At offering time, the minister told worshipers that they were not obliged to give. He then spent 20 minutes exhorting, cajoling, pleading with his congregation to do just that. ''Who has the courage and the faith to give 50 dollars or more?'' he said. ''What about 25 dollars? Fifteen dollars?'' Down to 50 cents.

23. Allegations of past child abuse threaten Hare Krishnas' existence
San Francisco Chronicle, Feb. 13, 2001
http://www.sfgate.com/Off-site Link

In 1975, Swami Srila Prabhupada, the founder of the worldwide Hare Krishna movement, was visiting his Berkeley temple when a disciple asked him the $64,000 question.

''What will happen when you die?''

His answer is enshrined on a plaque inside the ornate East Bay temple, between a life-size replica of Prabhupada and flower-bedecked statues of Hindu deities.

''I will never die,'' the India-born guru replied. ''I shall live through my books.''

Two years later, Prabhupada was dead. And while his books survive, the Hindu sect he built is foundering, mired in power struggles and legal troubles.

One of the tests facing any spiritual cult or religious sect is surviving the death of its charismatic founder.

For the International Society of Krishna Consciousness, the founding guru's decision to pass the flame to 11 separate disciples may have been a fatal error.

Years of infighting among Prabhupada's successors - along with a huge sexual abuse lawsuit filed against them by the children of Hare Krishna parents - may soon bankrupt the movement.

Last summer, a Texas lawyer filed a $400 million lawsuit alleging widespread sexual, emotional and physical abuse of more than 40 Krishna kids at the Dallas ashram, at the Krishna temple in West Virginia, and at other schools, called gurukulas, around the country.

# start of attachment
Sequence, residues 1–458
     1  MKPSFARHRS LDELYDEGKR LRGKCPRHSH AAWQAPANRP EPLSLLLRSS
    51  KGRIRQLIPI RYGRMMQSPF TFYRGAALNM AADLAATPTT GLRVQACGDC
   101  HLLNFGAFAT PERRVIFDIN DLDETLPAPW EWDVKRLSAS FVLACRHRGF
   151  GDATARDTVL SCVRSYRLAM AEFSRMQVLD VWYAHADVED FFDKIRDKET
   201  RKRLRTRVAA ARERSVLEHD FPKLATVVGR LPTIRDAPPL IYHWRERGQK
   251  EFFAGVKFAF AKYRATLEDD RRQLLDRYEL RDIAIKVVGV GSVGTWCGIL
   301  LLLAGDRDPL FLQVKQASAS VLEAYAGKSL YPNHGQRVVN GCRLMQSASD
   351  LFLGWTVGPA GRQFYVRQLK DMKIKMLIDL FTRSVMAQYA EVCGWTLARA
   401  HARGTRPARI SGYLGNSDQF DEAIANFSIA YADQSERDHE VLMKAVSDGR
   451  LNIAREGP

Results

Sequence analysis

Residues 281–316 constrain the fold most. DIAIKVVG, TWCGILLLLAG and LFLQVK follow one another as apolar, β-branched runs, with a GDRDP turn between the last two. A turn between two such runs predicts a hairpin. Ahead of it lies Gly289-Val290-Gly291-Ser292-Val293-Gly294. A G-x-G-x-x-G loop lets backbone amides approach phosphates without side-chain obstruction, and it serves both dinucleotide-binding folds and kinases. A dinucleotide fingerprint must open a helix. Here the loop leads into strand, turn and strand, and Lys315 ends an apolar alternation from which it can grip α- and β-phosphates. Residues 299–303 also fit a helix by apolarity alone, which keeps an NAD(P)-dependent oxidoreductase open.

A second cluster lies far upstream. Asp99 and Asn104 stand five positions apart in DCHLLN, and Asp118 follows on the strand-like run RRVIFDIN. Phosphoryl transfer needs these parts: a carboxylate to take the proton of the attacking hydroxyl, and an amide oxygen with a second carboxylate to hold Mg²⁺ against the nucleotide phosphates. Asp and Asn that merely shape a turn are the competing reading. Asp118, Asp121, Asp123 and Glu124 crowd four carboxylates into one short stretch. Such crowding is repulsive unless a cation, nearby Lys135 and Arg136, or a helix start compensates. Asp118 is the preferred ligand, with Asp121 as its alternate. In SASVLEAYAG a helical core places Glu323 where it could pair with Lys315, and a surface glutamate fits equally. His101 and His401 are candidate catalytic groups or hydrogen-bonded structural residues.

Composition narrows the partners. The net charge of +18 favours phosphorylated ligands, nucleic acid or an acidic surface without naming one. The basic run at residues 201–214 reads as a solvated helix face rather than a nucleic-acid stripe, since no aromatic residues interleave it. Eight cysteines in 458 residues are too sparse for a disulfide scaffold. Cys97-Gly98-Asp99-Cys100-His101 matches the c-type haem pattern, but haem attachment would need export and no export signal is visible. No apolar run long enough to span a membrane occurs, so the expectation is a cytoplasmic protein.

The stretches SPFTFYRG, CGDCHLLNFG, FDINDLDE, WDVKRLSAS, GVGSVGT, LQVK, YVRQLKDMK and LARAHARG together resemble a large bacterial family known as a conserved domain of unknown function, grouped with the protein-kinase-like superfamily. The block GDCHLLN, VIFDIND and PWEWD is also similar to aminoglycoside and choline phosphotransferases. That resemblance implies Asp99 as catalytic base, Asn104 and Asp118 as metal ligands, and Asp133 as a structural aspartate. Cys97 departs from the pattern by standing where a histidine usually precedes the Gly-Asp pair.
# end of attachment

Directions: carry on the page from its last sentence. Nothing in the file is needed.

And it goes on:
At least five of Prabhupada's anointed successors have been named in the child abuse suit, including one who already sits in a North Carolina prison, convicted of racketeering.

''There has been a raging political struggle over the movement's leadership, '' said E. Burke Rochford, a professor of sociology and religion at Middlebury College in Vermont.

One of the most damaging allegations in the lawsuit, Rochford said, is that Prabhupada himself was informed of extensive child abuse back in 1972, but ''concealed the wrongdoing from the public, parents and a handful of close advisers.''

Some experts say the risk for child abuse is higher in certain new religious movements, especially when cult leaders are more interested in building spiritual empires than raising healthy children.

''Parents in intense groups can become like middle managers in the raising of their own children,'' said Michael Langone, executive director of the American Family Foundation and editor of the Cultic Studies Journal.

When children are involved, he said, there can be a fine line between religious practice and spiritual abuse.

Many children raised in fundamentalist sects and new religious movements were forced to live like little monks, subjected to long days of work and religious study, getting up in the middle of the night for hours of chanting.

''That was a problem with the Hare Krishnas,'' said Langone. ''They were trying to turn the kids into little Krishna saints. You've got isolation, centralization of power and an ideology that is unrealistically demanding. There's a much higher potential for abuse.''